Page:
ANNUITIES…and Preparing For Retirement

by John McCartin

What Is an Annuity?

An annuity is a contract sold by life insurance companies that guarantees a fixed or variable payment to an annuitant either immediately, or at some future time – usually retirement. Annuities accumulate tax-deferred however; funds may not be withdrawn until the age of 59 ½ without incurring a 10% penalty. There is no limit as to the amount of money you can contribute to an annuity.

Fixed Annuities

Fixed annuities can be invested primarily in government securities and investment grade corporate bonds. The principal and interest are offered at a rate guaranteed by the issuing company. The annuity will usually pay a minimum stated rate of return for a stated period of time, varying only with the payout method elected. The guarantee is backed by the financial stability of the insurance company.

Variable Annuities

A variable annuity usually offers a range of investment options. The value of the investment will vary, depending on the performance of the investment options, known as sub-accounts, that you choose. Available choices range from conservative, such as money markets; fixed accounts; and government bond funds, to more aggressive choices such as growth; capital appreciation; and emerging growth funds. When choosing sub-accounts, you must decide which are right for you by matching them to your investment objectives. By allocating portions of your investment into different asset classes, it may be possible to achieve a balance between risk and potential reward that is suitable depending on your comfort level and time horizon. Some annuities also offer a death benefit whereby the issuer guarantees, at a minimum, that upon your death your total premiums invested are paid to your beneficiaries. There are various fees to be aware of in a variable annuity including surrender and mortality and expense charges (M&E). Some annuities allow you to withdraw either interest earnings or up to a certain percentage per year without penalty. However, most annuities have a surrender charge, a penalty for making an early withdrawal above the free withdrawal amount. Typically this surrender charge decreases over a seven-year period. M&E charges pay for the insurance guarantee, selling, and administration expenses of the contract. Before investing, you should always read the annuity prospectus for a complete schedule of all fees and expenses within the particular annuity you may be considering. To find out if an annuity is right for you, please contact your financial professional.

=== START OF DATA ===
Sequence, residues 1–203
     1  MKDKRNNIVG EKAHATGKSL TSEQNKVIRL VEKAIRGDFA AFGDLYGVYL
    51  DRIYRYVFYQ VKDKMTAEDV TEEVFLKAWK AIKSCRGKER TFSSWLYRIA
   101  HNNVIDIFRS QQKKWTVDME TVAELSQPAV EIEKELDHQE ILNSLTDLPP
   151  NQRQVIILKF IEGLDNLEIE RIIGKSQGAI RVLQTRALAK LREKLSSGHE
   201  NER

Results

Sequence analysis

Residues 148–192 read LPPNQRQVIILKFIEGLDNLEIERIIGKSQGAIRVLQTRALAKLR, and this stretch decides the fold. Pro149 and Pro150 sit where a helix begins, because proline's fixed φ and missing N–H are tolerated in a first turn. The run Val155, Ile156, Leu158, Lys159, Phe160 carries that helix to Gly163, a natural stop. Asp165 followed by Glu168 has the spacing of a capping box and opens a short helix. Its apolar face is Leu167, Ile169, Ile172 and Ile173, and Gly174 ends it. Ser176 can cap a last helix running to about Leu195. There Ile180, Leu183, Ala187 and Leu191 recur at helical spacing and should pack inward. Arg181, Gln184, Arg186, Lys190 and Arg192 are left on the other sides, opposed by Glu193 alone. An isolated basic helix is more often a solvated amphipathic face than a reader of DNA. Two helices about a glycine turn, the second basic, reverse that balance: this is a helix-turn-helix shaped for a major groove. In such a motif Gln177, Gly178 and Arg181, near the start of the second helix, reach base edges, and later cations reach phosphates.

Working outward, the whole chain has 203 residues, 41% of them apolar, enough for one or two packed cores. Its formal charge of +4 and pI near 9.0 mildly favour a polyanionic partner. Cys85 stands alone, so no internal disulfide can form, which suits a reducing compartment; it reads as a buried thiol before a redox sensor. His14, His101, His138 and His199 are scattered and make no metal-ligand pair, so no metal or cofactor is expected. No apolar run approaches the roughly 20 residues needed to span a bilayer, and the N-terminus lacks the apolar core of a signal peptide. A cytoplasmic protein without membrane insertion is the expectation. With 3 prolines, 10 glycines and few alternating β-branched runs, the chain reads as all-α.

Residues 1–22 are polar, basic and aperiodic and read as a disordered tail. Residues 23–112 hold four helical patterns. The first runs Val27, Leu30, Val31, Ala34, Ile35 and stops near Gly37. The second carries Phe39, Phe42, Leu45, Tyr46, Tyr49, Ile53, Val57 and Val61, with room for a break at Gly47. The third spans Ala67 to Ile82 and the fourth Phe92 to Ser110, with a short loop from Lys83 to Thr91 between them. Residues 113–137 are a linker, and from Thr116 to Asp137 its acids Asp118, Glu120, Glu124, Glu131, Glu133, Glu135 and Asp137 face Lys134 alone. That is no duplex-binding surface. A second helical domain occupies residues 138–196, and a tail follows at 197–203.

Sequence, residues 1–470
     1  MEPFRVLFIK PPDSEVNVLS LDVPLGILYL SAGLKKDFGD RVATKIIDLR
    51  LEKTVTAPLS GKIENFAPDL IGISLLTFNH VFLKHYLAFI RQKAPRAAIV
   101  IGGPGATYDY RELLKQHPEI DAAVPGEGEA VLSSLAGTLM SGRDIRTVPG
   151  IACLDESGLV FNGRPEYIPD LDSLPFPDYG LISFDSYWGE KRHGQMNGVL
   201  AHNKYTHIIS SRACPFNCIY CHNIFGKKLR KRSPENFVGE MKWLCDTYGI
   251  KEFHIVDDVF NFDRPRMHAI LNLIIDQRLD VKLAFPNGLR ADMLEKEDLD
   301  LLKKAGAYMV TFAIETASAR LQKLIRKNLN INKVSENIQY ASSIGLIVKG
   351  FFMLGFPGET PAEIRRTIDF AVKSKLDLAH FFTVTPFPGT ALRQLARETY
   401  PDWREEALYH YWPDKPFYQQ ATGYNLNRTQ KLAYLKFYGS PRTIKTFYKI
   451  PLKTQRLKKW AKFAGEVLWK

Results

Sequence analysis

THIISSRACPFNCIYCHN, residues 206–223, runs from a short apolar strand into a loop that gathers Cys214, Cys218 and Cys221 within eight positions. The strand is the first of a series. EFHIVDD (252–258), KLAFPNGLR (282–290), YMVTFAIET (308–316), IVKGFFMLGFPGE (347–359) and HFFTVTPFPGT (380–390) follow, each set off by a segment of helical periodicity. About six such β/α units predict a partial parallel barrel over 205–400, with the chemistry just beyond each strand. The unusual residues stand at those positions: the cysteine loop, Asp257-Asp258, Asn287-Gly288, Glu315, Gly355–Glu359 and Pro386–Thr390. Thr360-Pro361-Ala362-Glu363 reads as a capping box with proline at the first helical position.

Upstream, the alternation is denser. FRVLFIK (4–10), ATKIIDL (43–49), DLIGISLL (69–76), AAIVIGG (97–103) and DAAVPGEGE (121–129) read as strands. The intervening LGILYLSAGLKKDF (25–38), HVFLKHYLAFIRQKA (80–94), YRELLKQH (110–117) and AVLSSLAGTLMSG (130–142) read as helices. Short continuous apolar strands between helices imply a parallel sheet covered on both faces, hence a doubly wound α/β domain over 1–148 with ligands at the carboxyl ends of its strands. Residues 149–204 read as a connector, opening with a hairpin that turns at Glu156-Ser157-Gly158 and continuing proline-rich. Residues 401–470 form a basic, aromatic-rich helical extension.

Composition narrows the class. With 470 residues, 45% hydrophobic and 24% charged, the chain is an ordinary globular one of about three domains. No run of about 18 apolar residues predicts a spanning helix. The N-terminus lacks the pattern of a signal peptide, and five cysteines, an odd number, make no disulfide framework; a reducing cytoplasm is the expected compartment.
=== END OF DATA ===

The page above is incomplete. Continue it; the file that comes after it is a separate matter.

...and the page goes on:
About the author:
John McCartin is also President of McCartin Financial located in San Diego, CA. For over 25 years, John has been providing retirement planning services to San Diego residents and helping to build their safe nest eggs.